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Why are police at political rallies - and who pays for them?

The scene was violent and chaotic: protesters being forcibly removed from a rally for Republican presidential candidate Donald Trump. The image reinforced a common complaint that police can be callous toward the free-speech rights of demonstrators when seeking to preserve order. Some questions and answers about rules and procedures for police at political events:

Q. Who pays for police to be there, taxpayers or event organizers?

A. It depends. As part of the permitting process, local officials, the venue and the event organizers discuss the event and its logistics and decide what kind of security is needed. What's the expected crowd size? Is there a record of violence or disruptions at similar events?

Sometimes authorities decide it's necessary for event organizers to provide private security. Sometimes authorities agree to supplement that with local police. Sometimes the private security detail consists of off-duty officers who are paid by the organizers or the venue, but retain their normal police powers. Sometimes, it's private security without arrest power supplemented by police on their regular shifts.

With 18,000 police departments in the United States and municipalities with different rules, venues that can be municipally owned or privately held and events that require different approaches to ensure safety, nothing is standard.

Q. Why are police there?

A. To ensure public safety, both inside and outside the event. A large gathering mixed with the natural political friction of an election season, or any event that draws crowds in the thousands, can be a volatile brew.

Any such event, from a political rally to an NFL game, needs police present, said Jon Shane, an assistant professor at the John Jay College of Criminal Justice in New York.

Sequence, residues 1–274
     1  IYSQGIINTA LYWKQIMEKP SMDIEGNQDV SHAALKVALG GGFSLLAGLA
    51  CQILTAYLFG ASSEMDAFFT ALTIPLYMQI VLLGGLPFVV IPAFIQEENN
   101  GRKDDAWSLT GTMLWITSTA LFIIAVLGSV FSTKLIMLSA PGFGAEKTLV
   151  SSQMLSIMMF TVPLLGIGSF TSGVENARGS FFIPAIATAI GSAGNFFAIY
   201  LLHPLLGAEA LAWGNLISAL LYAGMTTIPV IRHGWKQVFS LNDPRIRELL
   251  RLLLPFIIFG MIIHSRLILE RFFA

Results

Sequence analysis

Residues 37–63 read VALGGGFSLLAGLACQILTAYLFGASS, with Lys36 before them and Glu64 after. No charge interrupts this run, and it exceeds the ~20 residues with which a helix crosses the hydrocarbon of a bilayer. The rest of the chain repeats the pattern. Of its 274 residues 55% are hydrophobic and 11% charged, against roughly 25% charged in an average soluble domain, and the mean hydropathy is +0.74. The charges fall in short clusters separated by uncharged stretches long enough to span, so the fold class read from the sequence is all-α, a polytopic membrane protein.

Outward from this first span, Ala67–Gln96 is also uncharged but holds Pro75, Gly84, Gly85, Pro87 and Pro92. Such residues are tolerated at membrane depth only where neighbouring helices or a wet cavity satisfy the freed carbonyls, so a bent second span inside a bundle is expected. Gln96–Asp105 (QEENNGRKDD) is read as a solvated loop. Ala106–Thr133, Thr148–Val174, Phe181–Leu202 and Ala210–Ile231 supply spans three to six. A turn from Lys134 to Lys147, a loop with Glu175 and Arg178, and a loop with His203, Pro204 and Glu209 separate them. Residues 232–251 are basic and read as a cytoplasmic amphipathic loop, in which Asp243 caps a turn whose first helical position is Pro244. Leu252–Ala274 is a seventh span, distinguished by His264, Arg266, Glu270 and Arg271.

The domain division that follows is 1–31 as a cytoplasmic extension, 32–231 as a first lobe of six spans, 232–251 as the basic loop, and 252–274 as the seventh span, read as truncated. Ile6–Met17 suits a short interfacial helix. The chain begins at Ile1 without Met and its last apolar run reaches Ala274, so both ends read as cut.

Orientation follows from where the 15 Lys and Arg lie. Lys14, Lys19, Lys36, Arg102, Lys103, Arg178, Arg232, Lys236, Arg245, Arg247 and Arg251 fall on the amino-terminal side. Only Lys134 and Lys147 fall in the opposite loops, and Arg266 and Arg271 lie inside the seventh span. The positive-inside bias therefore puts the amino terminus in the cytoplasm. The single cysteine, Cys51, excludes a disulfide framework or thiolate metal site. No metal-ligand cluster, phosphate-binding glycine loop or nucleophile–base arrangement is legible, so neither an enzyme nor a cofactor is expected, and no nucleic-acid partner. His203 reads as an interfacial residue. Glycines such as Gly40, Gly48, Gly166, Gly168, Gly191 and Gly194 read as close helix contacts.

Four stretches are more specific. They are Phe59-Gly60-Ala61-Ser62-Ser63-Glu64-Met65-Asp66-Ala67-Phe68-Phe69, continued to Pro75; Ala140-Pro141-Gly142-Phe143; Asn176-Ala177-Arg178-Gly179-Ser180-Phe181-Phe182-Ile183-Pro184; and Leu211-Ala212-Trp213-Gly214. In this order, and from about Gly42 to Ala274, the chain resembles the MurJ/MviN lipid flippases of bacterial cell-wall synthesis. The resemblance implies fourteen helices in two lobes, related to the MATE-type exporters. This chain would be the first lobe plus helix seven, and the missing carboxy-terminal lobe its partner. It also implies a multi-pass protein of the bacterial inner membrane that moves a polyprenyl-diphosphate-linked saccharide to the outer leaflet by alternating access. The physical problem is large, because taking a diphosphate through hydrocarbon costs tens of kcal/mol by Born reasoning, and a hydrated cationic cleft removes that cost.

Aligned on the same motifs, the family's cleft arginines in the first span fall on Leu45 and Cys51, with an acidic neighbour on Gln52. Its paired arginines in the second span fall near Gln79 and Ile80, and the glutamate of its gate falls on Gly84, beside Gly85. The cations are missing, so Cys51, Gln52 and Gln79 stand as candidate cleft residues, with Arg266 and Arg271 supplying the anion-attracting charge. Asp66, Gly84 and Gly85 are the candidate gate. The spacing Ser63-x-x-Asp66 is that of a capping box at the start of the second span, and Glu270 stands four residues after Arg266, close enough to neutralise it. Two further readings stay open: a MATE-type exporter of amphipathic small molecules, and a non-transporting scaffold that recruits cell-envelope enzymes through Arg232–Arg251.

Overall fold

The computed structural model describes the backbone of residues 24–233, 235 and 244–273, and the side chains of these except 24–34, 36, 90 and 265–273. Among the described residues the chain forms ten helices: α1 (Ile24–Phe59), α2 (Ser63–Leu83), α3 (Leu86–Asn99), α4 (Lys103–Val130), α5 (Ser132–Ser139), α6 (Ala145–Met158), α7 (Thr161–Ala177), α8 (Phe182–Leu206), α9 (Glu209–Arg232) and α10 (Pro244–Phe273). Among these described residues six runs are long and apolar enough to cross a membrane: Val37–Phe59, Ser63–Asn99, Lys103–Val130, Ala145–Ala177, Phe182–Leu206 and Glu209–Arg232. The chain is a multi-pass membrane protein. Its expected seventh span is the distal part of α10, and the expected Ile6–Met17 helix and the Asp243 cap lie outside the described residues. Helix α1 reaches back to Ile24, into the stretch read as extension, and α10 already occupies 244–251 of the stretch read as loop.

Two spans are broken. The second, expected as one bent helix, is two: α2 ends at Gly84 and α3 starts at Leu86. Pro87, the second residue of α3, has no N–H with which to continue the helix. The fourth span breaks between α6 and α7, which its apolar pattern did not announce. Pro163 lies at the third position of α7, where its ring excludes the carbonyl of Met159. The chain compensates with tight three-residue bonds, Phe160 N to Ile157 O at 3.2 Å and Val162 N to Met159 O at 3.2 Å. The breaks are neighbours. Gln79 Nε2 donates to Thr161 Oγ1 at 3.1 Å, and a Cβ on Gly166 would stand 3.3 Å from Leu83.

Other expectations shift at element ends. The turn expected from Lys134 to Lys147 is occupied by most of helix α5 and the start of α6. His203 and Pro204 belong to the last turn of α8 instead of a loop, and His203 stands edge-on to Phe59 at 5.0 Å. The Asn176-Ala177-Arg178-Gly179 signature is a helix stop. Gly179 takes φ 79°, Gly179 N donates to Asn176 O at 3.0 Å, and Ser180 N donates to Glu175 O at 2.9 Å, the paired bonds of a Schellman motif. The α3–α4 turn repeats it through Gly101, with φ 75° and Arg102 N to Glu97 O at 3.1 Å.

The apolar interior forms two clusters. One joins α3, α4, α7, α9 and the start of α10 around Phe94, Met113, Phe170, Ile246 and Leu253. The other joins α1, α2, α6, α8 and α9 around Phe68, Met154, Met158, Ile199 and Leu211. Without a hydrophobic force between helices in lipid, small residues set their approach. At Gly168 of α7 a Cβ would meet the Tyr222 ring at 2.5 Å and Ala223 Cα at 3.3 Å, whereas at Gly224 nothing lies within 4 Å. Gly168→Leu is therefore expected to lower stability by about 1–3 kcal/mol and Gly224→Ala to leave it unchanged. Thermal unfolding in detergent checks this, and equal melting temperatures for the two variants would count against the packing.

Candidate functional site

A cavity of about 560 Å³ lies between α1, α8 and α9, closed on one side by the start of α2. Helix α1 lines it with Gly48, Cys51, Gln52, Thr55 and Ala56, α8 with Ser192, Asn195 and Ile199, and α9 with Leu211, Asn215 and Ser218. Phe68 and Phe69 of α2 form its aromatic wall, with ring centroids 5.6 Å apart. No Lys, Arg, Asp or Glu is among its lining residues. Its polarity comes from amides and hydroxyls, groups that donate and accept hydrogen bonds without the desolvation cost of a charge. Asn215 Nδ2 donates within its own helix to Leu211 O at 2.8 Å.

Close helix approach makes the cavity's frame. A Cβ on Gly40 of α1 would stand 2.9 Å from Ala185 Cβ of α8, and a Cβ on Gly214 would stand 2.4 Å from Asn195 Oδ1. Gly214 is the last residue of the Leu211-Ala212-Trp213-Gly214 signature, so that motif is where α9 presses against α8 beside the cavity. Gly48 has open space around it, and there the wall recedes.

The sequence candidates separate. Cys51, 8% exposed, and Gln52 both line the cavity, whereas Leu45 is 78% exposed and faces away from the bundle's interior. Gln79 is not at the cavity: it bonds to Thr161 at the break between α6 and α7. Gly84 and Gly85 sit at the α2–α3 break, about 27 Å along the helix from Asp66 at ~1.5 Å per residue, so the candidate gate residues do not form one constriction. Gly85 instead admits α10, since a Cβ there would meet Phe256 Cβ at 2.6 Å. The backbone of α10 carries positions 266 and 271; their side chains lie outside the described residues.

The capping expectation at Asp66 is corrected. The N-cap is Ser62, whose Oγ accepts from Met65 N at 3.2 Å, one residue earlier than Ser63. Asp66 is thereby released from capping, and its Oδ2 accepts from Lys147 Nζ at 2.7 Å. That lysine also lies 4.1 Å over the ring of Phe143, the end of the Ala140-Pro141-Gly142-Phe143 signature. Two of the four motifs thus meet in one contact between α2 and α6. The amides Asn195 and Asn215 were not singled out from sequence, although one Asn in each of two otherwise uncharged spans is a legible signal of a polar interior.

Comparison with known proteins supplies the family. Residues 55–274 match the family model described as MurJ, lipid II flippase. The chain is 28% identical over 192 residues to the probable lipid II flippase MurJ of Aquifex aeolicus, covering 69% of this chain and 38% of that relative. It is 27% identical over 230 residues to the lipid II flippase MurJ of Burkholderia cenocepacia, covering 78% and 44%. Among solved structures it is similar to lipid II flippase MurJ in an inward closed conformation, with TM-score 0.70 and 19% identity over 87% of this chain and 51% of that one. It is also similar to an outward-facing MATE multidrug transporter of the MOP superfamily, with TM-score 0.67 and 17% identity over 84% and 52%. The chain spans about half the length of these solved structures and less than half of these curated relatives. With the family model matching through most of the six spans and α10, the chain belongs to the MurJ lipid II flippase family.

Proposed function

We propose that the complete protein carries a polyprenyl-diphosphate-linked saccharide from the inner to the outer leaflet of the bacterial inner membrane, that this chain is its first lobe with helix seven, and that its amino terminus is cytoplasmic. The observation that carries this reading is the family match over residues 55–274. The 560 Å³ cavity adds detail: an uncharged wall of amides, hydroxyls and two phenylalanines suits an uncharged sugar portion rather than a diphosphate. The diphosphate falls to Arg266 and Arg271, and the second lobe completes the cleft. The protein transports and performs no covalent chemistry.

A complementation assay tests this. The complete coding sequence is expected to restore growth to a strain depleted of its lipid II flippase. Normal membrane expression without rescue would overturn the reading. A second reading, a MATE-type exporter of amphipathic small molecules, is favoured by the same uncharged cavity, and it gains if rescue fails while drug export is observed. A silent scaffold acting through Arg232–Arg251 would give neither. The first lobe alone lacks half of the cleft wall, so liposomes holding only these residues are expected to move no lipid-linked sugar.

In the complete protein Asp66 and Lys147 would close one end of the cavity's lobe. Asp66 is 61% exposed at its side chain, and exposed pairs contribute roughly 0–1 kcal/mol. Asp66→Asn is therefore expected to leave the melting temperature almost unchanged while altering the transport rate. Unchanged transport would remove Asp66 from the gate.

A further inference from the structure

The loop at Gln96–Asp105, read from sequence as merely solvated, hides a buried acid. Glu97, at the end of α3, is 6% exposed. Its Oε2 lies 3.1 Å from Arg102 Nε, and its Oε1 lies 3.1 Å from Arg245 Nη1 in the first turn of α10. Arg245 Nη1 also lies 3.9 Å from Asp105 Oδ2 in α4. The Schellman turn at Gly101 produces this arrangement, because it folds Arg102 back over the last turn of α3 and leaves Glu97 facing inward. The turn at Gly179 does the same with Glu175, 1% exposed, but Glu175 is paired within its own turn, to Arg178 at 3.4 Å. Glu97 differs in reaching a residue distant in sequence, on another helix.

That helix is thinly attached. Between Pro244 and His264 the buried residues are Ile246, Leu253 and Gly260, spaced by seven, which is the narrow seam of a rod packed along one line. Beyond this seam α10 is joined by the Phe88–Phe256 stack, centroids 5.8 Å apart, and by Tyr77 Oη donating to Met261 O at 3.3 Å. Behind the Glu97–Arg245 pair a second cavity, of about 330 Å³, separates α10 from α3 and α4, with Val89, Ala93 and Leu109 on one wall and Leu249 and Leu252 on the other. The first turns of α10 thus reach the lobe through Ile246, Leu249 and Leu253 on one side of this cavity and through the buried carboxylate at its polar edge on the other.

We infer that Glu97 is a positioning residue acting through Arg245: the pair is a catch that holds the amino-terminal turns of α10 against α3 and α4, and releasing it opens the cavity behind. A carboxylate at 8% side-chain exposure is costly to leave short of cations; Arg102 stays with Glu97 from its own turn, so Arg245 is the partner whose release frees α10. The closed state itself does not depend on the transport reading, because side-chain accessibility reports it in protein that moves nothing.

Q. How do police show enough force sufficient to maintain calm without becoming a provocation?

A. When violence broke out in Ferguson, Missouri, in 2014, blame fell on police for deploying armored vehicles and tear gas and using them aggressively against protesters.

Law enforcement experts say officers must walk a fine line: to appear in control without appearing threatening.

"That's a very difficult judgment area," said Ben Tisa, a former Marine and retired FBI agent and now a consultant on police policy, procedures and practices.

Some officers might be in uniform, while others are in plain clothes to blend in. Conflicting protesters may have to be kept separated. And some demonstrators come with the full intention of getting arrested, Tisa said.

"The officers are in a tough place," he said. "If they have too many, they get yelled at. If they don't have enough, they get yelled at."

Q. Can localities recover any costs of providing protection for political rallies?

A. They can try, but it's not easy. A county in Virginia billed the 2012 presidential campaigns more than $180,000 for providing police for security on a visit by New York Mayor Rudolph Giuliani. The state GOP reimbursed them just under $2,000, leaving the rest unreimbursed.

Henrico Police Chief Douglas Middleton told the Richmond Times-Dispatch, "I can't make them pay it, but I want them to be aware that it's not free for you to come here. Somebody pays for it. It's either you or the taxpayers."

In Burlington, Vermont, the mayor of Democratic candidate Bernie Sanders' hometown sent a bill totaling $8,464.27 to the Trump campaign for providing police at a Jan. 7 rally. The city said it dispatched 33 officers, about a third of its force. So far, the campaign hasn't paid, said Jennifer Kaulius, the mayor's spokeswoman.